Sahelanthropus tchadensis

Online Biology Dictionary


Sahelanthropus tchadensis
Sahelanthropus tchadensis (Enlarge) Smithsonian, Washington, D.C. Image: Tim Evanson

Sahelanthropus tchadensis
S. tchadensis
Image: Ludovic Péron

Sahelanthropus tchadensis frontal view
Toumaï skull: Frontal view. (Enlarge)

Sahelanthropus tchadensis side view
Lateral view

Sahelanthropus tchadensis
Six views of a cast of the unreconstructed holotype cranium TM 266-01-060-1 dubbed Toumaï (Enlarge) Photo: Oryctes

map of Africa Site of discovery

The seven-million-year-old fragments of bone on which this taxon is based were found in 2001. They were initially described as belonging to the oldest known hominid (Brunet et al. 2002), but are now deemed to represent the mortal remains of a Miocene ape. In fact, if the reconstruction pictured at right (Hall of Human Origins, Smithsonian) is at all accurate, then this so-called hominid is not easily distinguished from a chimpanzee. This leaves Orrorin tugenensis a reasonable chance of claiming the prize for earliest hominid.

Sahelanthropus tchadensis is based on a single cranium, the dramatically named Toumaï skull (Toumaï means "hope of life" in Tebou, a Chadian tongue), which was found in Chad's Djurab desert – see maps below right.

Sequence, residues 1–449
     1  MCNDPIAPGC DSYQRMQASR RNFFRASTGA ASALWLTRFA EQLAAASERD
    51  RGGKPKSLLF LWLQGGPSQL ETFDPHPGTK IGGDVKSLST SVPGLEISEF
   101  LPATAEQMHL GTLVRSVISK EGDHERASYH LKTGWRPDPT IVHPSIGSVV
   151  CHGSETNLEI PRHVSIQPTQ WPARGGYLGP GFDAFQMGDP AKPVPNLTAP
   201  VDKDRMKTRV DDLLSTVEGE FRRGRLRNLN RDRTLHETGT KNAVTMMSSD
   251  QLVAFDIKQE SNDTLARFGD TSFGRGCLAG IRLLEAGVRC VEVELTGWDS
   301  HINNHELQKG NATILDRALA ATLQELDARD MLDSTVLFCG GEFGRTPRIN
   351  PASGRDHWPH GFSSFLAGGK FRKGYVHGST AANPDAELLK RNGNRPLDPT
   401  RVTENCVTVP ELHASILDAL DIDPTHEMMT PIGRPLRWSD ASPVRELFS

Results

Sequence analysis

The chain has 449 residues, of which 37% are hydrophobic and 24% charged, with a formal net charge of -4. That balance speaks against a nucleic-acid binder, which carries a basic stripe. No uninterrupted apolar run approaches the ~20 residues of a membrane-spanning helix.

The brain size of this erstwhile hominid was only about 350 cc, similar to that of a modern chimpanzee (human mean cranial capacity is 1350 cc). Moreover, the skull has the same general appearance as that of a chimpanzee. No one knows how long chimpanzees have existed – perhaps this actually is the skull of a chimpanzee? Certainly, we can conclude that Sahelanthropus is a misnomer, since anthropus means human being, not ape.

No postcranial remains are known and it is unknown whether Sahelanthropus tchadensis was bipedal. The canine wear is similar to that of an ape (Brunet et al. 2002). So one would expect the diet of this creature to have been similar to that of modern chimpanzees. There is, of course, no evidence of the use of fire by this presumptive simian — the earliest evidence of the use of fire by a hominid is by Homo erectus, millions of years later.

The only actual hominid remains that have been found in Chad are those of Australopithecus bahrelghazali. Otherwise, the nearest sites yielding hominid fossils lie more than 2,000 kilometers away in eastern Africa.

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